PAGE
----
In addition to Callisto, the University has introduced another initiative this year. This quarter, Stanford’s Confidential Support Team started a Skills Support Group that meets each week for students affected by sexual assault, relationship abuse, sexual harassment or stalking. This group is designed to provide a safe space for students to discuss their experiences and offer tools to better address symptoms of trauma.
Stanford has several initiatives combating sexual assault that predate Callisto. One such event, a performance titled Beyond Sex Ed: Consent & Sexuality at Stanford, was first launched in fall of 2016. In the performance, current students shared experiences and stories with new freshmen and transfer students. Audience members then participated in paired group discussions and an activity to increase students’ mindfulness.
Brianna Booth, director of positive sexuality, design and development at the Stanford Office of Sexual Assault & Relationship Abuse (SARA), created the event.
According to Beyond Sex Ed’s web page, “the program’s underlying philosophy is to engage the culture from the inside out: cultivating empathy, agency and growth in community.”
In addition to Beyond Sex Ed, SARA introduced SAVE: Stanford Anti-Violence Educators program. SAVE began in spring of 2016 through a partnership with Tanvi Jayaraman ‘16 and Hannah Long ‘16, co-chairs of the ASSU’s Sexual Assault Prevention Committee.
Over the course of spring quarter, the SAVE program trained 20 undergraduate students to hold workshops and facilitate discussions for freshmen about subjects including healthy sexual and intimate relationships and fostering a culture of consent across campus. The students then visited freshman dorms in pairs throughout last fall.
“Upperclassmen are much more relatable and have a better idea of what the social scene looks like and more practical questions of consent that can be workshopped and thought about,” said Michael Kim ’17, a SAVE peer educator for this past year. “The main thing is pushing for cultural change … for the younger students to see that older students really care about this issue.”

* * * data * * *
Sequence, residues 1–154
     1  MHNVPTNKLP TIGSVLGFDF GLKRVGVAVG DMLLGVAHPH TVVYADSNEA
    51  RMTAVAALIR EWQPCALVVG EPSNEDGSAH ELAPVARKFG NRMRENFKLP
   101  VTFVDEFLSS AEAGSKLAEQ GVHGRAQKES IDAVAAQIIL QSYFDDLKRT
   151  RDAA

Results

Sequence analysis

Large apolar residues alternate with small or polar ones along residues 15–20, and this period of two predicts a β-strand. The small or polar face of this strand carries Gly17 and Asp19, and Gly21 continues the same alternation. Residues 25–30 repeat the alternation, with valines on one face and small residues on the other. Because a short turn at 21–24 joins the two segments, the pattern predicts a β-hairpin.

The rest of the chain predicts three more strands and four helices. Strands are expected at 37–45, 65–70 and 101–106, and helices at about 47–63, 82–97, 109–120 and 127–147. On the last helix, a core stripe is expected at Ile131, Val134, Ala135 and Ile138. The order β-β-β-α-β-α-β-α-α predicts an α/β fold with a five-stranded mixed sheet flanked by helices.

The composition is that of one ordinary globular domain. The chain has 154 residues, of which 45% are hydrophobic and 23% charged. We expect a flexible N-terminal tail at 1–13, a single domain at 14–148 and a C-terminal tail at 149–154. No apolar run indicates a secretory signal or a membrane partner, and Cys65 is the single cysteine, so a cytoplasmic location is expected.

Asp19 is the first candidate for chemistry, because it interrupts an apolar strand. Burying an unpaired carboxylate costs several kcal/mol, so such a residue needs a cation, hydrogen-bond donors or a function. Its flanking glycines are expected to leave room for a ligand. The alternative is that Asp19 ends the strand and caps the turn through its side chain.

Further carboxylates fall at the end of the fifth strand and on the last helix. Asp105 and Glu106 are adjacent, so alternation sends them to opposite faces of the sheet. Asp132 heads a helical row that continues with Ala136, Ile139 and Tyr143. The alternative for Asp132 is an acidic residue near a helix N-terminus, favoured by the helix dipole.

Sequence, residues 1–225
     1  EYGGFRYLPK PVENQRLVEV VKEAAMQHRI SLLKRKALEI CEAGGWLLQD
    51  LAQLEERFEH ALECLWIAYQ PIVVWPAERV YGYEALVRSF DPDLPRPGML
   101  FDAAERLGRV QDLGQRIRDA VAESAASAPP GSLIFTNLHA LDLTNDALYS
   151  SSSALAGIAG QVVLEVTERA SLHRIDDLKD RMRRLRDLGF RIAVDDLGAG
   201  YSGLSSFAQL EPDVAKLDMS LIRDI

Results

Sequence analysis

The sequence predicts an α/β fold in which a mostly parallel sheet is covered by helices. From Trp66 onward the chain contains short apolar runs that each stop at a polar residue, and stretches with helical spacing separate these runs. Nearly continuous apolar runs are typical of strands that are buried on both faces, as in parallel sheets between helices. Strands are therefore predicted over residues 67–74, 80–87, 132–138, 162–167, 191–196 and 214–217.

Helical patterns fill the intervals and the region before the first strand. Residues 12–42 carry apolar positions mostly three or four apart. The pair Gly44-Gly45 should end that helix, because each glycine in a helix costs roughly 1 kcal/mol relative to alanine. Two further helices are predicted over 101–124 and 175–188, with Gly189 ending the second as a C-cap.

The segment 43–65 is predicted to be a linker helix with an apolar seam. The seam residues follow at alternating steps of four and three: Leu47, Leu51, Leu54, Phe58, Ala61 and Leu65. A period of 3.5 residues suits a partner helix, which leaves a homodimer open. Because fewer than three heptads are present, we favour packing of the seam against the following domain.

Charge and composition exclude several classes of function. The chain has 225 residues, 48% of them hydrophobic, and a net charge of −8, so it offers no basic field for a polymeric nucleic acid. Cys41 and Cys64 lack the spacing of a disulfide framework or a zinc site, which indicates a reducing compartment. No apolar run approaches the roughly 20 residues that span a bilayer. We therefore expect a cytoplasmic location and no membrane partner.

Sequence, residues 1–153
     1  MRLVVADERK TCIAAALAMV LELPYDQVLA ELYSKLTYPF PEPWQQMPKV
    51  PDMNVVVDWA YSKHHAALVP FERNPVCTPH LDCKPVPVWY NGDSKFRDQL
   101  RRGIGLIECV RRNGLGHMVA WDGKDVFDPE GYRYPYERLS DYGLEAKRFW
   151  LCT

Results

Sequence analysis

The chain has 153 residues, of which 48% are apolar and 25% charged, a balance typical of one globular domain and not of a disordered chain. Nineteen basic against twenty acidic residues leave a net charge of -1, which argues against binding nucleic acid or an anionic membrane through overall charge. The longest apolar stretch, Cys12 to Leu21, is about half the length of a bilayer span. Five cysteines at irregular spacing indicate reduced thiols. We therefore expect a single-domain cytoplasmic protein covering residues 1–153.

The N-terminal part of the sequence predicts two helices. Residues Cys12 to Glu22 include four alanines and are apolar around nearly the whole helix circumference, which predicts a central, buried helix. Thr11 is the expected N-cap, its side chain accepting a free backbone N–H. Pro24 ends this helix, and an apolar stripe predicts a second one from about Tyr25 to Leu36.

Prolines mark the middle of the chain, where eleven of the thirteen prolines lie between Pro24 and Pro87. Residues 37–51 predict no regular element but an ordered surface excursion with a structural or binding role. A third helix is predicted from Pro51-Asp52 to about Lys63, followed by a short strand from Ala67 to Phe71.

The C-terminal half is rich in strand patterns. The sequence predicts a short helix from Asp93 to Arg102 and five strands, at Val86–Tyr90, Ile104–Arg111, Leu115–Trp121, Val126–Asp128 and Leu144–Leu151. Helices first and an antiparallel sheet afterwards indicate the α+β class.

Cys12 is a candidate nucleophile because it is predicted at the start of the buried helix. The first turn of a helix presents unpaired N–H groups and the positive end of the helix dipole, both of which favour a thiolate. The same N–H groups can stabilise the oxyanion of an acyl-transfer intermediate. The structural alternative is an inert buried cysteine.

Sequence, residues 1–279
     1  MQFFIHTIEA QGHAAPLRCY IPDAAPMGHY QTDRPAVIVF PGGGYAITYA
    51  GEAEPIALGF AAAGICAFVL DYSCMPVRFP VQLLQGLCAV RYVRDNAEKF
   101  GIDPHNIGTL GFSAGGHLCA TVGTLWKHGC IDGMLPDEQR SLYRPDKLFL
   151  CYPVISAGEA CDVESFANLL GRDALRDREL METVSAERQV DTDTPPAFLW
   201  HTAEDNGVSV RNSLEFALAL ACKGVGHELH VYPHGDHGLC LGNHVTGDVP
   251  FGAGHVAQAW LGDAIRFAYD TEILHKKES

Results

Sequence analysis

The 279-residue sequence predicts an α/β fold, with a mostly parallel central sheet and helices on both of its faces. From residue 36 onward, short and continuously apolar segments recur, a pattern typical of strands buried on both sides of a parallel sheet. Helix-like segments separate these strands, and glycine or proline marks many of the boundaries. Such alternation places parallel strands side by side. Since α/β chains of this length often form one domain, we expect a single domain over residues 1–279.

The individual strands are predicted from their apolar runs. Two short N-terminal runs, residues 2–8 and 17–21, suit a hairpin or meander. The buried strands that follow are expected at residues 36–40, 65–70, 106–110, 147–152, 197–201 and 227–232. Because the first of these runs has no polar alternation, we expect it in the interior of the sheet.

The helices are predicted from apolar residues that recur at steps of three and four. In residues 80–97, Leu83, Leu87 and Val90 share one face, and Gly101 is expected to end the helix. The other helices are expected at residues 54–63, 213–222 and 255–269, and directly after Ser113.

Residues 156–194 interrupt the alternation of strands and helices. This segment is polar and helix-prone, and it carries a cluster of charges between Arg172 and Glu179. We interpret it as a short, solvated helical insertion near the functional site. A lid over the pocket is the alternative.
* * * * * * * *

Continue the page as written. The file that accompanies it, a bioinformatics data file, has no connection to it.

In spring of 2015, Stanford implemented its Violence & Intervention Program (VIP) in collaboration with Fraternity and Sorority Life (FSL). VIP trains one or two members in each Inter-Fraternity Council and Inter-Sorority Council chapter to serve as resources, providing education, support and referrals if necessary for problems of sexual assault and relationship abuse.
“It’s really important to tackle sexual assault and sexual violence in a way that stems from peers,” said Danica Bunnett ‘18, one of the VIP chairs.
Once a month, the VIP chairs for each fraternity and sorority host a workshop, discussion, movie screening or some other form of educational programming. Bunnett explained that it can be difficult for survivors of sexual assault to know where to seek out help. VIP provides students with more resources, she said.
“If we can educate [students’] friends about it, then hopefully that word-of-mouth contact between the survivor and the friend will encourage [the survivor] to get help in the place that’s best for them,” Bunnett said.
In addition to peer-to-peer programming, the SARA office also hired two new members last spring: Booth and Grace Poon, the office’s coordinator of prevention education & training.
According to Kim, these two hiring decisions have been instrumental in developing the University’s new programming and education about sexuality and consent.
“From my perspective as a student, I think the hiring of those two individuals is probably the most intentional and hopefully effective … move that the University has made,” Kim said.
Poon and Booth were unavailable for interviews.
Many students believe that while the University’s progress is encouraging, there is always more to be done to address sexual violence.
“We can just be better about reaching as many people as possible and rallying support around survivors,” Bunnett said.
An earlier version of this article stated Michael Kim’s name incorrectly. The Daily regrets this error and has updated the post.